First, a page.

Imperva, Inc., (@Imperva), the cybersecurity leader that protects critical applications, APIs, and data, anywhere at scale, just released a 12-month analysis of the cybersecurity threats targeting eCommerce websites and applications.
Automated attacks on application business logic, carried out by sophisticated bad bots, were the leading threat to online retailers. In addition, account takeover, distributed denial-of-service (DDoS), API abuse, and client-side attacks were significant risks.
Business Logic Attacks Accounted For 25% Of All Attacks on Singaporean Retail Sites
In the past year, business logic attacks made up 25% of all attacks on Singaporean retail sites - up from 10% during the same period in the prior year. While this is below the global average (37%), the volume of business logic attacks on Singaporean retail sites increased 62% year-on-year.
A business logic attack exploits an application or API’s intended functionality and processes rather than its technical vulnerabilities. Most attacks on business logic are automated and often focused on abusing API connections. In retail, attackers abuse business logic to manipulate pricing or access restricted products.
As reported in the 2023 Imperva Bad Bot Report, 17% of all attacks on APIs came from bad bots abusing business logic. Attack patterns don’t exist to monitor for these exploitations, and it’s impossible to apply a generic rule and assume all application and API deployments are secure.
“The pandemic accelerated the digital transformation of Asia’s retail sector, as companies swiftly adapted to changing consumer needs. However, the region's diverse markets, complex supply chains, and varying cybersecurity readiness levels have left Asian retailers vulnerable to increasingly complex security threats,” says George Lee, Senior Vice President, Asia Pacific and Japan, Imperva. “The surge in bot sophistication over the past year is especially concerning, as this breed of automation can exploit business logic, compromise APIs, and take over user accounts, posing a tangible threat to retailers’ year-end sales and impacting their bottom line.”
Bad Bots and Simple Automation Plague Singapoíean Retail Sites, Outpacing Global Aveíages
The proportion of bad bots on Singapore retail sites is higher (24.1%) than the global average (22.7%). The high volume of bad bots on local retail sites can lead to implications such as higher security risks, greater damage, poorer user experience, greater resource consumption, and heightened data privacy concerns for retailers.
Singapore retailers saw a significantly higher proportion of simple bot traffic (87%); nearly 3X more than the global average (32%). This breed of bots is typically designed to perform specific, predefined tasks without complex decision-making or artificial intelligence. While they help automate mundane and repetitive tasks, they can also be abused for malicious purposes such as spamming, data scraping for unauthorized purposes, or engaging in cyberattacks towards retailers.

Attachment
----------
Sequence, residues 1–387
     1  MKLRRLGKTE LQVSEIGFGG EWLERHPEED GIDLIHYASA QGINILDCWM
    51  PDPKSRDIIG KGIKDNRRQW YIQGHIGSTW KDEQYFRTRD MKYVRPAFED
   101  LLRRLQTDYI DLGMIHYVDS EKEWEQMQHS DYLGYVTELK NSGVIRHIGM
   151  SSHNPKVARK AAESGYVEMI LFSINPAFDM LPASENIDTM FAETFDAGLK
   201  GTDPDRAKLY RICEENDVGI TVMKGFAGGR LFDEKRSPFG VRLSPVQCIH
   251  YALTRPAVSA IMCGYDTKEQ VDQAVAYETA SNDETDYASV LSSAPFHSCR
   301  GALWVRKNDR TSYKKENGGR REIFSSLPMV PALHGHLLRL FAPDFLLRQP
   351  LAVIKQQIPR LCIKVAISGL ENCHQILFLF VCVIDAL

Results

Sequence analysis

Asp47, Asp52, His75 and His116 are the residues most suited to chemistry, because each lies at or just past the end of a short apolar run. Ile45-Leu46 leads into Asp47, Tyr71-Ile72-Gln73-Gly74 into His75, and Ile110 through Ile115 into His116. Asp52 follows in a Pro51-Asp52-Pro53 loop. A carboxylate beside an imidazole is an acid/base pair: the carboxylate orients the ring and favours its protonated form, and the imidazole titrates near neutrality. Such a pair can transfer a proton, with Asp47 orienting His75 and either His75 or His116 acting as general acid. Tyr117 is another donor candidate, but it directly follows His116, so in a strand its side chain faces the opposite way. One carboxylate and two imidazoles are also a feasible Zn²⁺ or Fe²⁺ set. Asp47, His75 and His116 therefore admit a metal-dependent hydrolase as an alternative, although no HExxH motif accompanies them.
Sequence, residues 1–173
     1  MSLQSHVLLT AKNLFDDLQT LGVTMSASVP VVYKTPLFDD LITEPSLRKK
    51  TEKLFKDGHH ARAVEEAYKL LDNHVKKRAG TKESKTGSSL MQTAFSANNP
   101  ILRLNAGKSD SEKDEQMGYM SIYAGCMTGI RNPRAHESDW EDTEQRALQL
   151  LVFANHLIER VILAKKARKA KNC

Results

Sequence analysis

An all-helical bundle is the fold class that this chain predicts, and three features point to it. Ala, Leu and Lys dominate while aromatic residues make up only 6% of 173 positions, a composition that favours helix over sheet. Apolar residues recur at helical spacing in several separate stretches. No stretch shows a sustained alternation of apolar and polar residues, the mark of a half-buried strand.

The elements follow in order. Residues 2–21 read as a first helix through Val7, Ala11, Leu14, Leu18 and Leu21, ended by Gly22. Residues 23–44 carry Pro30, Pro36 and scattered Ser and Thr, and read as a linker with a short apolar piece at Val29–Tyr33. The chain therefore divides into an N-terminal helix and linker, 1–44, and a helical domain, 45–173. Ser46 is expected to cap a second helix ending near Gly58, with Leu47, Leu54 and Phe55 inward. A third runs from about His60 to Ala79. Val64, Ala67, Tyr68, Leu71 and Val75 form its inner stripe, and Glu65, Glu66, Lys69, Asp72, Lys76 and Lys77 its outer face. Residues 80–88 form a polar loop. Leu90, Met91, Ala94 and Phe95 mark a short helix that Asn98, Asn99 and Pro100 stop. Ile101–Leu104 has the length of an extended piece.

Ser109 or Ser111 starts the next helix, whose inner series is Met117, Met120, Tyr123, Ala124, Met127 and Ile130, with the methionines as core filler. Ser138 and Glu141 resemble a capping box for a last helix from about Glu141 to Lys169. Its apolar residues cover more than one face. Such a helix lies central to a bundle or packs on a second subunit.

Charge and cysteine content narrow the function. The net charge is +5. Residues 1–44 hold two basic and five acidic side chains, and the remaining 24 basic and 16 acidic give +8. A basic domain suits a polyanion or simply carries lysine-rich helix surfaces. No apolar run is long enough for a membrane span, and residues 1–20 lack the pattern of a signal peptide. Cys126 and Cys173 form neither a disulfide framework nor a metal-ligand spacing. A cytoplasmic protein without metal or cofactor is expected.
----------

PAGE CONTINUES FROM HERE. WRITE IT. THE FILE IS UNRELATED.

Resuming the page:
The eCommerce industry remains a lucrative target for cybercriminal activity. Built on a vast network of API connections and third-party dependencies, online retailers are increasingly vulnerable to business logic abuse and client-side attacks. Motivated cybercriminals are also eager to compromise user accounts for personal data and payment information. A successful security incident can lead to higher infrastructure and support costs, degraded online services, and, ultimately, customer churn. While these security risks persist throughout the calendar year, attacks often peak during the holiday shopping season.
Recommendations Ahead Of The Holiday Shopping Season
As in previous years, the number of attacks on online retailers will likely rise during the 2023 holiday shopping season.
Just as shoppers should be aware of the risks associated with online shopping, retailers must also remain vigilant. They must avoid cyber risks threatening the integrity and continuity of their business, the safety of their customers, and their sensitive personal information.
Prepare for a high volume of traffic, as well as distributed denial-of-service (DDoS) attacks. Retailers should consider implementing a waiting room queueing system that can ensure site performance and maintain a positive customer experience. They should also stress-test their infrastructure regularly, especially before high traffic is anticipated.
Marketing and eCommerce campaigns are likely to become targeted by bots. Bad actors will likely employ bots to buy up as much inventory from highly anticipated product drops as possible. Prepare to handle increases in traffic volume that are likely to include a high proportion of bots.
Protect critical paths and website functionalities from bots seeking to abuse business logic. Some website functionalities are highly exploitable. For example, login functionality opens up the possibility of credential stuffing and credential cracking attacks. Adding a checkout form increases the chances of carding or card cracking. Employ a stricter ruleset and ensure a bot mitigation solution properly protects your pages.
Encourage good account credential hygiene and safety. Ensure that user passwords require a minimum number of characters and the use of capital letters, numbers, symbols, etc. Implementing multi-factor authentication (MFA) and encouraging its use is highly recommended. Also, have a bot mitigation solution with dedicated account takeover prevention capabilities.
Stay ahead of the scammers. Stay apprised of any phishing campaigns, and make sure to alert your customers of any suspicious campaigns making use of your brand.